Here are some examples that may represent a statutory nuisance:
- Piles of household waste in a back yard
- Piles of dog mess in a garden
- Barking dogs, loud music
- Smoke from regular garden bonfires
- Security lighting shining into a bedroom
- Infestations of pests such as flies
- Smell from a pigeon loft that is not cleaned out regularly
Part three of the Environmental Protection Act 1990 requires councils to take reasonable steps to investigate and, if appropriate, take formal action on justified complaints of statutory nuisance.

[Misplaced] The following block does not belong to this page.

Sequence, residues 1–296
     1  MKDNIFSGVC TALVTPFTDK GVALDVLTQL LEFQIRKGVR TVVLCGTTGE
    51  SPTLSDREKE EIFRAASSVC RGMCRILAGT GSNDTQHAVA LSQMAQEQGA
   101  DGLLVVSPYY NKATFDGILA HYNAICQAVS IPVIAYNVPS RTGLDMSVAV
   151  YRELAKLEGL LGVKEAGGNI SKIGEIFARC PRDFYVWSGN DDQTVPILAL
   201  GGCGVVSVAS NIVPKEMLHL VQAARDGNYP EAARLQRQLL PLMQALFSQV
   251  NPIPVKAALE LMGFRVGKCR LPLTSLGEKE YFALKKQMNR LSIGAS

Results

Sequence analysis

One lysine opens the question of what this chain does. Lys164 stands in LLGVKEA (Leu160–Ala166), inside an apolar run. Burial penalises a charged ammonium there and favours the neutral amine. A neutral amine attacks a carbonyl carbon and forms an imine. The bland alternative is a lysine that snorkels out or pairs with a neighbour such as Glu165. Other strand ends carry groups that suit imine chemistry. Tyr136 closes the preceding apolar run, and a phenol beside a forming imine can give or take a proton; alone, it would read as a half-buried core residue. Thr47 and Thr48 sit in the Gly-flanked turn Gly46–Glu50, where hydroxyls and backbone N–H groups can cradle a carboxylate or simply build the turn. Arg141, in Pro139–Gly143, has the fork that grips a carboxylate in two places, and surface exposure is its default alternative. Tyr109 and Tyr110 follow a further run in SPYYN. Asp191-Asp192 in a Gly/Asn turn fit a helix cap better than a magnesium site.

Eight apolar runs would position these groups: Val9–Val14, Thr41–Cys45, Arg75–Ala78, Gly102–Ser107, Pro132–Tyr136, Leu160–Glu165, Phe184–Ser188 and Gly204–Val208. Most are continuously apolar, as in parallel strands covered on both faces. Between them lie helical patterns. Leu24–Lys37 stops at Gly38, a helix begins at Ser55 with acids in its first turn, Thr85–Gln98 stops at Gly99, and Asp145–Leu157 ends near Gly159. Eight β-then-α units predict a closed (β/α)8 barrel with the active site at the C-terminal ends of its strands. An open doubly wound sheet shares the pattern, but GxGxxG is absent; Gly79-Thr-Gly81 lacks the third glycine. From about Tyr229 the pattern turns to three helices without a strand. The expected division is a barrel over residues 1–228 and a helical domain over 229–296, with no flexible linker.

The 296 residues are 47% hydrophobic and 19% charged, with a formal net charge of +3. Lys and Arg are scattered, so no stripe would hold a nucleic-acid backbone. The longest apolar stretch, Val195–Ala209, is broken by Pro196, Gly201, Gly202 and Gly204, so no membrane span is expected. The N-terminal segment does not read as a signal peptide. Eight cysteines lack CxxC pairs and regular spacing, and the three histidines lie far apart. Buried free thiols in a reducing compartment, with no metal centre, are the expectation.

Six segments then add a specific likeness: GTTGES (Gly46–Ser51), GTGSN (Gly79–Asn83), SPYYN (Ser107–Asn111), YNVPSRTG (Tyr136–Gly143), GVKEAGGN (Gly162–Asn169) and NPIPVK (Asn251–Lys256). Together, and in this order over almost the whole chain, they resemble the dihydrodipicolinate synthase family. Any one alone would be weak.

If we find that a complaint of statutory nuisance is justified, we will issue an Abatement Notice. This will be served on the person responsible or the owner/occupier of the premises (as appropriate). The notice orders them to stop the nuisance.
Failure to comply with an Abatement Notice is an offence. It may result in legal proceedings and if found guilty of an offence the maximum fine is £20,000 and/or six months in prison.